TEM: Attracting private sector engagement for ambitious mitigation action

by Max Behringer and Steffen Dehn

The goal of the event was it to provide successful examples of mobilizing the private sector for sustainable agriculture, forestry and other land use sector. But in fact, the focus was mainly on agriculture. Nevertheless, it gave us some interesting inputs.

panel

Panel of the session

It was held in collaboration with the World Business Council for Sustainable Development (WBCSD) which provides a platform for international companies (like Tata, Coca Cola, Yara, Unilever, PWC, Monsanto, General Motors etc.) dealing with business and sustainable development.

The general goal set for agriculture is it to improve food availability by 50%. A big part of this is the reduction of food losses. In addition to that the emissions should be reduced by 50%.

Theo de Jager (WFO = World Farmers´ Organization) pointed out the role of the private sector and of business solutions for agriculture and climate change. A key factor which according to him everyone needs to understand is “Market is king and farmers will do what is profitable”. The main issue that hinders Climate-Smart Agriculture is poverty. The order of demands is first price followed by quality, nutrition and ultimately environmental impact. Therefore, the most important thing is creating wealth and a sustainable demand by consumers.

In the session, we had two examples of private sector engagement for mitigation. The first one was about Asia, where food security is strongly linked to cultivation of rice.

In most Asian regions rice is grown on fields that are continuously flooded. This leads to the fact, that emissions from rice fields contribute a massive amount to the annual emission budget of countries. But this also showcases the massive potential there is for reducing emissions in agriculture especially in rice. Many NDCs aim for mitigation and adaptation efforts in the agricultural sector. Climate Smart Agriculture (CSA) is one way to adapt the agricultural landscape to accommodate an increasing demand for food while meeting emission reduction targets.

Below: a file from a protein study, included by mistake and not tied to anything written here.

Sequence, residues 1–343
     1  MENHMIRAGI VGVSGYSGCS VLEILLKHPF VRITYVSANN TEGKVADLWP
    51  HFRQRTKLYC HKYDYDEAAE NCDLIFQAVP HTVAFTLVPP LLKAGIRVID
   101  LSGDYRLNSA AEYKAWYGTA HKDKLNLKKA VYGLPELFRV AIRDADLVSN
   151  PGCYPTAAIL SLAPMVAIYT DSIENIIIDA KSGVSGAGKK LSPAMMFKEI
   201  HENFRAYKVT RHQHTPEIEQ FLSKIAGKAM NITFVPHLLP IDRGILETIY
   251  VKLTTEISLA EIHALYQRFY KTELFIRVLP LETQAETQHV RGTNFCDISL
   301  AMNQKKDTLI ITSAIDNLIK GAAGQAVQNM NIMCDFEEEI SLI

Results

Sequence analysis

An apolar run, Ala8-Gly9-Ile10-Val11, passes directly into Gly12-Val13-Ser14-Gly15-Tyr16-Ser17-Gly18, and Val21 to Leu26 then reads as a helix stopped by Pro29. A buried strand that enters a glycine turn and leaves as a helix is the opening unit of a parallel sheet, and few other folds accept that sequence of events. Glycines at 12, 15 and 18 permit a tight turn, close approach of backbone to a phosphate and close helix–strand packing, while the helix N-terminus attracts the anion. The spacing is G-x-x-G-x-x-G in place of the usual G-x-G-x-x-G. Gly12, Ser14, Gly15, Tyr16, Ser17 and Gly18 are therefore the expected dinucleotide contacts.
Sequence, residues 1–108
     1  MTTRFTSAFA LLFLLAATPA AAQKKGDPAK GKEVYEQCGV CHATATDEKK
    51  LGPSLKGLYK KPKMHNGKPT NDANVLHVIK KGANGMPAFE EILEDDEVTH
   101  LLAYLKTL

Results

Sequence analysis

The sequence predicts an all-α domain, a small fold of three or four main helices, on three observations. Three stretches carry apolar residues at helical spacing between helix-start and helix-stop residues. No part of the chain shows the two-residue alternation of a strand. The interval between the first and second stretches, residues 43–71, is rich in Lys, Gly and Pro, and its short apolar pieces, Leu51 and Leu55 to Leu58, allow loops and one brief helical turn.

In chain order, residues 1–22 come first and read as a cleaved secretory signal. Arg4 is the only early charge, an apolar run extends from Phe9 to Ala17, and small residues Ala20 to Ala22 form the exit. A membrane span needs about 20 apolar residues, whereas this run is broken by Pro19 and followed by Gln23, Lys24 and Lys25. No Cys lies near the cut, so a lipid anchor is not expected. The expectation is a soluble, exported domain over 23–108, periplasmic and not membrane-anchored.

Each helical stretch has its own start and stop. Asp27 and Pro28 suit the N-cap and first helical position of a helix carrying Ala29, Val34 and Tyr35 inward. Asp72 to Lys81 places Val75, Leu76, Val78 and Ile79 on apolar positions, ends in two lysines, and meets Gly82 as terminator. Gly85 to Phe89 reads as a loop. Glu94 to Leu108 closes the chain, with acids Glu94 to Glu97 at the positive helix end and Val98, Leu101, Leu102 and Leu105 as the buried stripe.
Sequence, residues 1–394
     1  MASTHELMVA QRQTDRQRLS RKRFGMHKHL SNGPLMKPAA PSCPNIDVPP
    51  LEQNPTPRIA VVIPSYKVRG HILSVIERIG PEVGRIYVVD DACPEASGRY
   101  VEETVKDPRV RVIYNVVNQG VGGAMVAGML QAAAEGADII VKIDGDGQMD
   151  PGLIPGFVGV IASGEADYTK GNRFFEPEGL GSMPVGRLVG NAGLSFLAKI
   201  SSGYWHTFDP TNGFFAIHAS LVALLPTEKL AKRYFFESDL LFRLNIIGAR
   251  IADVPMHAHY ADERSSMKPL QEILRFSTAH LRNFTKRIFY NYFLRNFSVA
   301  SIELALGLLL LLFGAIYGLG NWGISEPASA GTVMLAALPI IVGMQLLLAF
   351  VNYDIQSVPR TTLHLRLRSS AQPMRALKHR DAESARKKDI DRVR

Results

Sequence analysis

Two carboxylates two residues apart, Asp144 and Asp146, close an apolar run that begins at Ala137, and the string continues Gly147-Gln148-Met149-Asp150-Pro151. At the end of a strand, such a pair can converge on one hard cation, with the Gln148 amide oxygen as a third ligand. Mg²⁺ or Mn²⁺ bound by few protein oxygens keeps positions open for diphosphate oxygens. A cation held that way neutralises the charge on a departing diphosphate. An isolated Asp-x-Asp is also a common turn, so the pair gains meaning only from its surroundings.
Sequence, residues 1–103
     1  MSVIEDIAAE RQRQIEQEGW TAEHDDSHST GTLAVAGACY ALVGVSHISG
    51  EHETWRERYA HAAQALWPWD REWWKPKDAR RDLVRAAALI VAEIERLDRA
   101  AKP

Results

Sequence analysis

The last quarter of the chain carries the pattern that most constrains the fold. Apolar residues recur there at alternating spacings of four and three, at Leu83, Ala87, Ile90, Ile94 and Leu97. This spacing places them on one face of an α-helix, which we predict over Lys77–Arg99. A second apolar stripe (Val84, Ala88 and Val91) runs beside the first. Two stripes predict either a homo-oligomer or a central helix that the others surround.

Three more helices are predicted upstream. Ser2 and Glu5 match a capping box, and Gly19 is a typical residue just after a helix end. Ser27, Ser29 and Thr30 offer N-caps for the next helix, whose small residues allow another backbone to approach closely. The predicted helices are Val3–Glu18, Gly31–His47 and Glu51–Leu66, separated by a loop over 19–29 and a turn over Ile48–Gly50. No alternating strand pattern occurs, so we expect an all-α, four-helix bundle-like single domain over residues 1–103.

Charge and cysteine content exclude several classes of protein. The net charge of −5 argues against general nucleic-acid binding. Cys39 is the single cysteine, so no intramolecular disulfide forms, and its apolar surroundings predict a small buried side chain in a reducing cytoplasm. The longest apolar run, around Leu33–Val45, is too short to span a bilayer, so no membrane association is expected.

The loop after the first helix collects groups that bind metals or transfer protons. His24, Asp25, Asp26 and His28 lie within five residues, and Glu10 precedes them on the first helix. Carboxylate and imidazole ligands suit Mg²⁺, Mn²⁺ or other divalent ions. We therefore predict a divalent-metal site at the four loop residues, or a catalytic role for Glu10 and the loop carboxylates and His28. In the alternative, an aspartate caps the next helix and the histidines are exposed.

The second example was given by Bernhard Stormyr representing Yara. Tanzania´s population is today around 45 Million people and until 2050 it will rise to 140 Million people. So, the demand for the basic corn will increase drastically. To supply Tanzania with corn there are two options:

  1. a)   Increase corn fields by 9 Mio ha
  2. b)   Improve efficiency of land use from 1 – 1.5 t/ha yield per year to 5.5 – 6 t/ha/year

Improving efficiency would be more climate efficient than expanding corn fields. The expansion would be 5 times more carbon intensive than becoming more efficient. To gain more yields Yara suggests moving away from traditional land-use. With better seeds, fertilizer and pesticides the yield can be pushed up to 5.5 – 6 t/ha/year. While implementing the new land-use model the partnership with the global food program will ensure that the risk of a price collapse due to the productivity increase is avoided.

participants

Participants of the session

In the discussion which followed the TEM questions about the impact of the land-use changes on biodiversity as well as on local communities was raised. Moreover, nitrous oxide emissions caused by fertilizers need to be taken in account and a sustainable use of chemicals must be ensured to avoid eutrophication and a decline in water quality.

Source of pictures: http://enb.iisd.org/climate/sb46/enb/11may.html

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